Consumers love coupons. Coupons make customers more likely to visit a store, increase basket size, close the deal if they are wavering, generate loyalty and build brand awareness. (For all the facts, see this great research by Sucharita Mulpuru of Forrester Research and RetailMeNot.) According to a Think with Google study, 42% of consumers say they will leave a store if they forget a coupon at home.
Smart retailers make coupons easy to store, retrieve and apply with add-to-wallet functionality. For every retailer deftly handling digital coupons, there are many fails. We have seen a long tail of response for SMS, despite the oft-repeated nugget about 90% of SMS being read within 3 minutes. Hundreds of customers will click on a coupon link weeks or even months after expiration. Rather than send them to a blank page or an expired coupon notice, send them to the current coupon, offer or promotion.
Tiny coupons with tinier fine print are an epic fail for customers and checkout clerks alike. The same goes for 16 digit codes, especially those that aren't broken up into smaller sets of 4 numbers. Even better is an easy-to-remember code that reinforces the offer, e.g., Save15. The gold standard is currently employed by Gap, which offers a "tap to apply" button that adds the offer to your mobile shopping cart. If you can't make codes work with your POS, a simple solution is "Show this text at checkout." It may make tracking difficult, but it makes life easier for customer and cashier alike.
Remind customers when coupons are about to expire with a follow-up SMS or use iOS notification functionality (which is free!). Add urgency with a countdown timer on the coupon landing page. You can also request information from the customer as they go through the add-to-wallet function. Home Depot requests ZIP code and asks the customers if they'd like to be alerted when near a store.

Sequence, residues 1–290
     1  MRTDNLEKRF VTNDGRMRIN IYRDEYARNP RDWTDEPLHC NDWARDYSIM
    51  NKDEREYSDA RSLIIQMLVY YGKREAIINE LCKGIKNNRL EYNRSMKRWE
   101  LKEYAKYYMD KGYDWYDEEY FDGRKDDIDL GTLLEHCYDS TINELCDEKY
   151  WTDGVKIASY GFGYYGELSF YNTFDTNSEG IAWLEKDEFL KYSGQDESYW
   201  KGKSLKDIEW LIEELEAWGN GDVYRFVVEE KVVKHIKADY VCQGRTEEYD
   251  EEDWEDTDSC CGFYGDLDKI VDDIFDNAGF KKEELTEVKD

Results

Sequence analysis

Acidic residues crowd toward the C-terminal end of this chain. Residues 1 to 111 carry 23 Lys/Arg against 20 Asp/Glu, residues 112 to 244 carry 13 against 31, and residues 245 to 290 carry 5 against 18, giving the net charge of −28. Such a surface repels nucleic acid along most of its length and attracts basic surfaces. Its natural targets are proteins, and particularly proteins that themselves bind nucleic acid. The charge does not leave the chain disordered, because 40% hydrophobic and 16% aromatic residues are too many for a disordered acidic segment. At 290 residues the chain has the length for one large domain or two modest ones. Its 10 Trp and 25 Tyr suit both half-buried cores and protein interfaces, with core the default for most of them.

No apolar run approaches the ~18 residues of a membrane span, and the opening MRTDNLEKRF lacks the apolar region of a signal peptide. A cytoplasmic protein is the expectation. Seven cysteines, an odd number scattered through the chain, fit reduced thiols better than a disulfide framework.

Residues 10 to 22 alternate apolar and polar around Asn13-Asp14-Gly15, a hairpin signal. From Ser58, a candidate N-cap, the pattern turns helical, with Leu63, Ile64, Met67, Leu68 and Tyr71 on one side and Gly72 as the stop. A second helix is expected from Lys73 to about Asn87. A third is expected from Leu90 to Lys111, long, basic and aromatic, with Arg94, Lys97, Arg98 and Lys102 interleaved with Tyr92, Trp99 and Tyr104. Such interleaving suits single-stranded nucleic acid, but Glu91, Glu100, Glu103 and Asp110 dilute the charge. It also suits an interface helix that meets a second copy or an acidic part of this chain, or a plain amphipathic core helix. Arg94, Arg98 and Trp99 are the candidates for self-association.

Many retailers avoid coupons, citing their impact on margin and opportunities for fraud. Tiered pricing, exclusions on the landing page and single-use coupons help allay these concerns.
Despite its relatively long history, retailers have been reluctant to add SMS programs and few are pushing the envelope. It is a chicken-or-egg problem: we don't have many subscribers, so we don't put much effort into our SMS program; we don't put much effort into our SMS program, so we don't have many subscribers. I have seen some amazing results from retail SMS with impressive contributions to the bottom line. It's essentially 160 characters, once per week. Surely every retailer has something worthwhile to communicate to their customers on that schedule.
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